Cal Massey – Visual Artist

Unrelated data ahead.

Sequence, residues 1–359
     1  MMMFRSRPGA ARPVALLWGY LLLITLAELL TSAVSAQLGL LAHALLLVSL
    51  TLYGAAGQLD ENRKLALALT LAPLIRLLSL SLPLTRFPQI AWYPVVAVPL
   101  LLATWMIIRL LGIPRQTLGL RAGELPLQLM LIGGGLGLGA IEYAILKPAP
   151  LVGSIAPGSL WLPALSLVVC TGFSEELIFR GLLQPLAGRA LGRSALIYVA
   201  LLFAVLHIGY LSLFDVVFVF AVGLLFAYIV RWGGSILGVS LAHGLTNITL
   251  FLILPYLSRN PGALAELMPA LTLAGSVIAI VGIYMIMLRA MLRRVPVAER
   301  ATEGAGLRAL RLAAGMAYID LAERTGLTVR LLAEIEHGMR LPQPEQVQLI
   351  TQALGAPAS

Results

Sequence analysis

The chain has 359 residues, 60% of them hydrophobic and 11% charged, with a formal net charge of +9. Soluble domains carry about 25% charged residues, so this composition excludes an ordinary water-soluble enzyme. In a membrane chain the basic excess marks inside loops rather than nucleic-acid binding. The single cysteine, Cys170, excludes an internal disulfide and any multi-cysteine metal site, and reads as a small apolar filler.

MOORESTOWN-Cal Massey said that the wonderful images that appear on his canvases come to him during his daily meditations. He jots them on notecards and stores them in a filing cabinet that stands near the easel in his studio. “Everything in my work is spiritual,” the 80-year-old artist said. Entering the artist’s home/gallery studio on Dawson Street is almost a spiritual experience in itself. Messiah, a rendition of a black Christ as one with the earth, standing between the galaxies and the oceans, is the first painting a visitor notices. Near it hangs “Angel Heart”, which Massey considers one of his most popular works, inspired in part by the lack of black angels in traditional artwork. The angel’s hair, styled in a full Afro, is a tribute to the natural beauty of the black woman, Massey said. For years, Massey’s work has represented the black community in the art world. Now the artist, whose work already hangs on the walls of Congress members and rock stars, will see his work hang from the necks of Olympians. Massey was one of 13 artists from around the world chosen to design a commemorative medal for the 1996 ,Summer Olympics in Atlanta. His design, The High Jump, depicts a young black woman – her back arched slightly, her knees bent – as her thighs begin to top the bar. He said his is the only medal that features an athlete of color. “I’m proud to be a role model,” Massey said. The High Jump will be cast in sterling silver and run two inches in diameter. The medals will go on sale in late March or early April, and remain available until after the Games end. The Olympic Committee expects to raise more than $20 million through the sale of the commemorative medals. Massey, a former Franklin Mint designer and sculptor, designed the mint’s first commemorative medal -a Mac arthur Memorial Medal- and went on to design more than 200 medallic designs for the mint. He began drawing at age 4, when he traced newspaper comic strips by holding them up to a window. Growing up with his mother and four siblings in Morton, Delaware County, the young artist used pen and paper to communicate with the world around him. One of his brothers communicated with sound. Once, Massey joined his musician brother at a jazz band rehearsal in the city, and found himself sketching John Coltrane and other greats of that era. After graduating from the Hussian School of Art in Philadelphia in 1950, Massey went into the comic book industry. There, he drew everything from science fiction tales to so many war stories “that I got battle-fatigued.” But without that experience the artist said, he doesn’t think he’d be where he is today. “As a comic book illustrator, I drew blood and guts all the time, but you got to do what you got to do,” Massey said. “Comic strips are behind all these works here today.” It’s hard to see that as one examines the paintings hanging in the artist’s home and gallery. The colors Massey uses are soft ones- pinks, greens, and yellows – that gently blend into each other, not the bold red and blues of the strips. The subject matter is different, too. A supernatural of a different kind is being appreciated in Massey’s work now. His “Genesis” series featuring orbs of orange fire and blue ice, are strong, spiritual works. The faces staring out from Massey’s canvases aren’t all unfamiliar. He used his grandson’s face as a model when he illustrated “My First Kwanzaa Book” a few years ago. A neighborhood girl modeled for the painting “African Woman in Bondage”, and it is his wife’s figure striking a proud pose in “Ashanti Woman”. The Olympic committee invited Massey to submit work to its competition after seeing a sculpture he did for the Statue of Liberty’s renovation project in the mid-1980’s.Massey’s bas-relief plaque showed two women arriving on Ellis Island from the French West Indies. As now, Massey’s work in the show was the only one depicting individuals of color. Although friends tell him it’s time to retire, Massey believes that age is a matter of arteries.” Besides, he can’t stop now: “I still have 200 more paintings to do” he said, gesturing to his filing cabinet.